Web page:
Burt’s Bees has teamed up with rePurpose Global to finance recycling infrastructure aiming to clamp down on plastic waste from flowing into the ocean.
The initiative, which will support frontline waste enterprises in India and Ghana, is expected to eliminate more than 1.5 million pounds of plastic waste by the end of 2024.
According to statistics from WasteAid, at least one billion people living within 100 kilometres of coastlines globally lack equitable access to waste collection services.
The partnership will oversee the development and operations of new waste infrastructure in a tailored approach for two coastal regions.
In Kerala, India, it will enable recycling facility upgrades and door-to-door waste collection services for around 2,000 households and in Accra, Ghana, the project will partner with buyback centres in the region and expand local collection networks.
Together, the projects are expected to improve health and safety, working conditions and wellbeing standards for 350 local waste workers, the majority are whom are female, as well as create additional income streams from low-value waste materials.
The initiative is a key part of Burt’s Bees commitment to achieve net zero plastic to nature by 2025.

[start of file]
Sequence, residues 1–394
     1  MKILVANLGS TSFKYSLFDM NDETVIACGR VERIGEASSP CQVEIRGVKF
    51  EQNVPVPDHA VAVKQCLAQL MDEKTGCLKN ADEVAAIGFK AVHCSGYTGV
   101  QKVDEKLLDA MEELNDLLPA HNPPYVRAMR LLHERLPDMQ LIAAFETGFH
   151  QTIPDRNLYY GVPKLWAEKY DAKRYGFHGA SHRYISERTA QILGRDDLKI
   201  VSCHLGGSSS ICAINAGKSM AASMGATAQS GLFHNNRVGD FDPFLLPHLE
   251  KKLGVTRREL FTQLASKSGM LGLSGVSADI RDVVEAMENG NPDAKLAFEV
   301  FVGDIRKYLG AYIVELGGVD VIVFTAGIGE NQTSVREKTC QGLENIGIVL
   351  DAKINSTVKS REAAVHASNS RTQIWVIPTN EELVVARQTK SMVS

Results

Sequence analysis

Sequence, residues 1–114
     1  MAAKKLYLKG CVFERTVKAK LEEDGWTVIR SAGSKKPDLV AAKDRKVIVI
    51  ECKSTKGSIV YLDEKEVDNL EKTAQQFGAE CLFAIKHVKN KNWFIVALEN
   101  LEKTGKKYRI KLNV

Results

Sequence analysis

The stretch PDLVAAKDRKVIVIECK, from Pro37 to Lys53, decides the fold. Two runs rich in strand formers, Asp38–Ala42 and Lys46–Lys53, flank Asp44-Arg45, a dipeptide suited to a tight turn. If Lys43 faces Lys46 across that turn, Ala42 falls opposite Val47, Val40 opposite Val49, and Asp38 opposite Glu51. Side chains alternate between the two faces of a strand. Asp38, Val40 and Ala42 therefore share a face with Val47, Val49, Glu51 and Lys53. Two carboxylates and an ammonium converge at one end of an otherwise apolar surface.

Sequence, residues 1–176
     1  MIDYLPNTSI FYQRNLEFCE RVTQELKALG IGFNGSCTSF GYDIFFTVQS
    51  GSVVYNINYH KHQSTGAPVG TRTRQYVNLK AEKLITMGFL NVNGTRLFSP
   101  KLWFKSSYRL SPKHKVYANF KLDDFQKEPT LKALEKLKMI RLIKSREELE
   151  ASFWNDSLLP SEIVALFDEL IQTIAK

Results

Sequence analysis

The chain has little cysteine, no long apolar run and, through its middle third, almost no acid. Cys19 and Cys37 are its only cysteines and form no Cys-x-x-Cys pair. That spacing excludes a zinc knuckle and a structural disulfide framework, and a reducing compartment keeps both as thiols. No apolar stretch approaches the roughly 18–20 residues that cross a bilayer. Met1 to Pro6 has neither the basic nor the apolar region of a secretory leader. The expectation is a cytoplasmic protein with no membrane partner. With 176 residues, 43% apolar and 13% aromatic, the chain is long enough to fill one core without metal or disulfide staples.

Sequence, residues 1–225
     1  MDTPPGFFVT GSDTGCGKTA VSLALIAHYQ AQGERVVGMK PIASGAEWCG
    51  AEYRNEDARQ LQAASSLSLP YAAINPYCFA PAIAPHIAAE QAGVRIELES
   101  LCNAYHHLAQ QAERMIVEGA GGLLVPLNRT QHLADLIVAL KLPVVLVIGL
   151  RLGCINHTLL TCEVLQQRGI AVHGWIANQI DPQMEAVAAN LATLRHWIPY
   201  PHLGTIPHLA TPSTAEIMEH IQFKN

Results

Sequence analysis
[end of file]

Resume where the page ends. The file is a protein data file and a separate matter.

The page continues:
the brand has committed to a 50% reduction in virgin packaging materials by 2030 and aims to use 100% recyclable, reusable or compostable packaging by 2025.
Matt Kopac, Associate Director of Sustainability at Burt’s Bees said: “Plastic waste is a huge challenge for our industry and the planet and it demands true collaboration to tackle it.
“Not only does this partnership stop plastic from leaking into the ocean but it also creates crucial opportunities to economically empower waste workers and their communities. We are very proud to join forces with rePurpose Global and support their thoughtful approach to tackling plastic pollution.”
To date, around 230 businesses across 26 countries are working with rePurpose Global to measure, reduce and balance their plastic footprint, resulting in 14 million pounds of plastic recovered from nature every year.
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